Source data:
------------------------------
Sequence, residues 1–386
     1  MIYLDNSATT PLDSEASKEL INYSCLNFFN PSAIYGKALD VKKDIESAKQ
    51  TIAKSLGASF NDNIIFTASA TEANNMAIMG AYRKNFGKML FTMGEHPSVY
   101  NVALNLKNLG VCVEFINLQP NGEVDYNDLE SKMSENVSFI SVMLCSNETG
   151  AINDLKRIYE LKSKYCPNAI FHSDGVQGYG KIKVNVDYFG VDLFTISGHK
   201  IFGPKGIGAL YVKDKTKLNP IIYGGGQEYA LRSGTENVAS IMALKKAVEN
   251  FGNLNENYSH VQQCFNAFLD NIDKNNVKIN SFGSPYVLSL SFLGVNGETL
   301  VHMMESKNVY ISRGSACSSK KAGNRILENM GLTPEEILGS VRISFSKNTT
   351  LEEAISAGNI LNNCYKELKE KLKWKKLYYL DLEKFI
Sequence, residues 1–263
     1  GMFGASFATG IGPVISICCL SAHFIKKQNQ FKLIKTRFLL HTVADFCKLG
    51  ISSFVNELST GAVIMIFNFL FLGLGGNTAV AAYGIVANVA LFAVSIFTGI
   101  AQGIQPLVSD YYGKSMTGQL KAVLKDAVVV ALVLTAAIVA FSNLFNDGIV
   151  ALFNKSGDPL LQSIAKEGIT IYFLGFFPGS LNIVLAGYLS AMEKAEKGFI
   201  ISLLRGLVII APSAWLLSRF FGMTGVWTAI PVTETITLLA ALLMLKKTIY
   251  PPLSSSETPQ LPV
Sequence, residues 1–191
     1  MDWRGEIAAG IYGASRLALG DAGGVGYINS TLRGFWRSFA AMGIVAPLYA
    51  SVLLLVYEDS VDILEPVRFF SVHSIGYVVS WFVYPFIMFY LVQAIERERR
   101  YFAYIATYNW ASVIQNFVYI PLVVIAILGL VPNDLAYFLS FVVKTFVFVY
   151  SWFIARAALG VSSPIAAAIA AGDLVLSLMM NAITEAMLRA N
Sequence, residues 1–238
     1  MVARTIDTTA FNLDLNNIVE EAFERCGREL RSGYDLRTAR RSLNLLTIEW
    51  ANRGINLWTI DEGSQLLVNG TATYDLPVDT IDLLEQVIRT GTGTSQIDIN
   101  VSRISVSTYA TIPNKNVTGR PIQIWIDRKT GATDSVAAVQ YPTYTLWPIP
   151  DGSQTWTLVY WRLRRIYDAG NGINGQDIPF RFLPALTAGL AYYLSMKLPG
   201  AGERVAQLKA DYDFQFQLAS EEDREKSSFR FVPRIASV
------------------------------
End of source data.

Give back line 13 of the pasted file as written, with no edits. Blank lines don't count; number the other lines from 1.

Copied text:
   101  AQGIQPLVSD YYGKSMTGQL KAVLKDAVVV ALVLTAAIVA FSNLFNDGIV